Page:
Berlin: Julius Springer, 1920.
1st Edition. Hardcover. Very Good. Item #003147
8vo (206 x 139 mm), , 81  pp. Including 36 illustrations in text. Contemporar half cloth, gilt-lettered spine (extremities rubbed, corners bumped). Text littled browned, title-page browned a bit stronger at outer margins, occasional minor spotting. Provenance: Lise Meitner (her signature in pencil on title page). ----
FIRST EDITION in book form of Max Born's study of the structure of matter. In his introduction, Born writes: The three essays that make up the contents of this little book have appeared in the journal Naturwissenschaften during the last year. They treat the same object, physical atomism, from different points of view; the first gives a general overview of modern atomic theory, while the others give priority to questions which I have tried to solve myself. The similarity of the subjects implies that some repetitions occur. A fusion of the three essays into a summarized presentation seemed to me impossible, and not necessary, because the recently published book by A. Sommerfeld, Atombau und Spektrallinien (Braunschweig, Friedr. Vieweg & Sohn, 1919) shows the progress of the physical Atomic doctrine with great completeness and demonstrating in attractive, easy-to-handle form. The reprint of my essays should be of use to those who have no time to study the larger work of Sommerfeld. Born played an important role in the development of quantum mechanics. In 1926, together with Heisenberg and Jordan, he published the famous "three-man paper" Zur Quantenmechanik II which formed the theoretical basis for that science.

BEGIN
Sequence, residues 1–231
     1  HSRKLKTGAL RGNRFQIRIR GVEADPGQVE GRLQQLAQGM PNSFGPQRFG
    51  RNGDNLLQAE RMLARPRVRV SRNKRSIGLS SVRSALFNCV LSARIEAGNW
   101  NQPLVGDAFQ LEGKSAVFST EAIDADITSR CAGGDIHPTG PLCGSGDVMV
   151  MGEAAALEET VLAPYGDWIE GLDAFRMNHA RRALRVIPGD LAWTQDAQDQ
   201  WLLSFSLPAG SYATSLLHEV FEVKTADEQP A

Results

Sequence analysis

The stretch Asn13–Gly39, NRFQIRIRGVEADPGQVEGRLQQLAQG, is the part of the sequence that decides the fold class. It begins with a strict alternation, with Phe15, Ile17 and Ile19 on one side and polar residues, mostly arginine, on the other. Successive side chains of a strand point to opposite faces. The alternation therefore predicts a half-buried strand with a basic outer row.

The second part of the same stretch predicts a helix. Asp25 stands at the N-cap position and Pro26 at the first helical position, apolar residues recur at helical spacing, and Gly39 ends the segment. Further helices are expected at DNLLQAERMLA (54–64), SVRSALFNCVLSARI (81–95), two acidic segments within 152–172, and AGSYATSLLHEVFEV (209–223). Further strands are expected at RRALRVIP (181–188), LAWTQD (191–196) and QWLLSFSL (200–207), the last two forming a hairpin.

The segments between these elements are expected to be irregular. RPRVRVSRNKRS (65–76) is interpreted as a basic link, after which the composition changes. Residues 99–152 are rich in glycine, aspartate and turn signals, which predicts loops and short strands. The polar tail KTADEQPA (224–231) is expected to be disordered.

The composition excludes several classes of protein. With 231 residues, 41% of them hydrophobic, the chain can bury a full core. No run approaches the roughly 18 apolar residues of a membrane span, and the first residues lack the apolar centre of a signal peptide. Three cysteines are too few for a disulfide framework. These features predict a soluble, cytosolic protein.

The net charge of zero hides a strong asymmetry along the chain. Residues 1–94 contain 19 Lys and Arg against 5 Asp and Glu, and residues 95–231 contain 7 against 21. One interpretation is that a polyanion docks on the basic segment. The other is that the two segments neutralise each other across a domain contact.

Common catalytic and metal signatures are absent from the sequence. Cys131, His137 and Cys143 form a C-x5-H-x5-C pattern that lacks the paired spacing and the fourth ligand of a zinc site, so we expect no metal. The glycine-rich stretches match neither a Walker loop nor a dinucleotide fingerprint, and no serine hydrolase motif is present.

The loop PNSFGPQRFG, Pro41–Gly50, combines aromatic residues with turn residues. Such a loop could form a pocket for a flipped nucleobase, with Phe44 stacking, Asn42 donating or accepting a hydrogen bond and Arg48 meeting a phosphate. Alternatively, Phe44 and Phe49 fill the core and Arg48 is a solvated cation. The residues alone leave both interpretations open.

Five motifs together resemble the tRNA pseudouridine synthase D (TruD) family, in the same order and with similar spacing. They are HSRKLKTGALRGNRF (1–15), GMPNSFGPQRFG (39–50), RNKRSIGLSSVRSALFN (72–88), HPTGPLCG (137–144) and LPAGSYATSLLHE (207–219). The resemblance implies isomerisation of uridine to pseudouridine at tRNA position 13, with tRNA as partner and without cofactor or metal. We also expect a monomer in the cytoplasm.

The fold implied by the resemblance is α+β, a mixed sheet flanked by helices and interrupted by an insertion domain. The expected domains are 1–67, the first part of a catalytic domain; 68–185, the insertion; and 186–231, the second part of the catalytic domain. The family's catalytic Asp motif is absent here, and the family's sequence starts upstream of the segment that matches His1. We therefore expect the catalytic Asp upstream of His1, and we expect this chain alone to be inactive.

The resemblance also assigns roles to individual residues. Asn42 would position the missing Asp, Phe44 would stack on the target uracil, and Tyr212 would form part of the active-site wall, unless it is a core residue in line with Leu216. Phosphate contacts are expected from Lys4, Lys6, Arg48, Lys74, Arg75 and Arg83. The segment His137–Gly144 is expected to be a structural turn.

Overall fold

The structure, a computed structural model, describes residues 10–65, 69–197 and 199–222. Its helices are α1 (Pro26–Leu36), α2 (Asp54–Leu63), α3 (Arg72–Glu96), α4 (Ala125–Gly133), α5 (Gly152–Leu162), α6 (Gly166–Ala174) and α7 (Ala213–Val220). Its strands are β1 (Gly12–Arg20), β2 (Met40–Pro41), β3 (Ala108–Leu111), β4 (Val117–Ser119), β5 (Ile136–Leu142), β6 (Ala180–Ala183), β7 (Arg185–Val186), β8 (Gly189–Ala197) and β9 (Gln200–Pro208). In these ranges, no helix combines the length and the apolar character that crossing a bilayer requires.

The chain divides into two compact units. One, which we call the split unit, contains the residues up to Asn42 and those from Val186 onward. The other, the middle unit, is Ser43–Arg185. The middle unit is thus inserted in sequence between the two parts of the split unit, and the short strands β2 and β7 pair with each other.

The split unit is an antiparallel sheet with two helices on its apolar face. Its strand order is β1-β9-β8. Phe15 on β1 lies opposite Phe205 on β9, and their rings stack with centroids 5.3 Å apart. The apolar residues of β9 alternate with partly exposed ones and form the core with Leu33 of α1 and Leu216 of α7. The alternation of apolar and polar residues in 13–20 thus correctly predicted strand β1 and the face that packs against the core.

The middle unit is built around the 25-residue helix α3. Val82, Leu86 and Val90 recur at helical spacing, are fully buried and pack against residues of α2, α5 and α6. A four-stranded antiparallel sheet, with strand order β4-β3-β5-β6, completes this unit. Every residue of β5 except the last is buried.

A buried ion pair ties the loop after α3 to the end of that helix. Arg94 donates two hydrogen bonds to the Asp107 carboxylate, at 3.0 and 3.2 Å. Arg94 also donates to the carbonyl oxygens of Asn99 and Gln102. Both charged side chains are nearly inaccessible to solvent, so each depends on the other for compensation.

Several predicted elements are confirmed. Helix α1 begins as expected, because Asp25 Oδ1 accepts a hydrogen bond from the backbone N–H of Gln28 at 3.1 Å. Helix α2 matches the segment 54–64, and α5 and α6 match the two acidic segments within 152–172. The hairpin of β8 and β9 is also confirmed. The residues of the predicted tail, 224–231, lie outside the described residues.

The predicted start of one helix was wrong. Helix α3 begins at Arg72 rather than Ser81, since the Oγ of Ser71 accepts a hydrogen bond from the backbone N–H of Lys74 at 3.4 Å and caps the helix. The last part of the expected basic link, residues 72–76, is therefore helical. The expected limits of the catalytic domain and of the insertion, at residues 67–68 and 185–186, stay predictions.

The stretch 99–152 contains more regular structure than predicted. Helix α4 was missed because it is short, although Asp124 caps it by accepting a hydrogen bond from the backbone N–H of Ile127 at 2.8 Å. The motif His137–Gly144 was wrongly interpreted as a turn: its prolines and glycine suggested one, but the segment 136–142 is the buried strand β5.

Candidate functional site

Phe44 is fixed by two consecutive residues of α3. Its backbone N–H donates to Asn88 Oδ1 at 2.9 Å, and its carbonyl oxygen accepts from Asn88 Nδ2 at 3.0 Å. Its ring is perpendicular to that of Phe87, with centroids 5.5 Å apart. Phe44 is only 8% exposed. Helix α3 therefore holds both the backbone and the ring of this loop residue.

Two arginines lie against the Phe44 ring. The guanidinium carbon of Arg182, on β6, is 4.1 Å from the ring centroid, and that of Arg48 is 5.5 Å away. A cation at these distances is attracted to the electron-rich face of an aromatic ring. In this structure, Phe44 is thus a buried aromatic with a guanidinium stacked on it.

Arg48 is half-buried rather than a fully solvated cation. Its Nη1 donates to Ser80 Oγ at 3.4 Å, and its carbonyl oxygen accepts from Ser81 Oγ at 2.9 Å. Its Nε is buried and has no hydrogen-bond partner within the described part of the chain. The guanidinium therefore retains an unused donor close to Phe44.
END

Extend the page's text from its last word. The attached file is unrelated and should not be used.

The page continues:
Lise Meitner (1878-1968) was an Austrian-Swedish physicist who worked on radioactivity and nuclear physics. Together with Otto Hahn and Otto Robert Frisch she led the small group of scientists who first discovered nuclear fission. Meitner spent most of her scientific career in Berlin, Germany, where she was a physics professor and a department head at the Kaiser Wilhelm Institute. She was the first woman to become a full professor of physics in Germany. She lost these positions in the 1930s because of the anti-Jewish Nuremberg Laws of Nazi Germany, and in 1938, fled to Sweden, where she lived for many years, ultimately becoming a Swedish citizen. Meitner received many awards and honors late in her life, but she and Otto Frisch, did not share the 1944 Nobel Prize in Chemistry for the discovery of nuclear fission. The prize was awarded exclusively to her long-time collaborator Otto Hahn. In the 1990s, the records of the committee that decided on that prize were opened. Based on this information, several scientists and journalists have called her exclusion "unjust", and Meitner has received many posthumous honors, including naming chemical element 109 meitnerium in 1997. Despite not having been awarded the Nobel Prize, Lise Meitner was invited to attend the Lindau Nobel Laureate Meeting in 1962, where she also met Max Born. Max Born nominated Lise Meitner three time for the Nobel prize in physics, in 1954, 1964 and 1965. He received the prize in 1954 together with Walther Bothe. - Visit our website for additional images and information.
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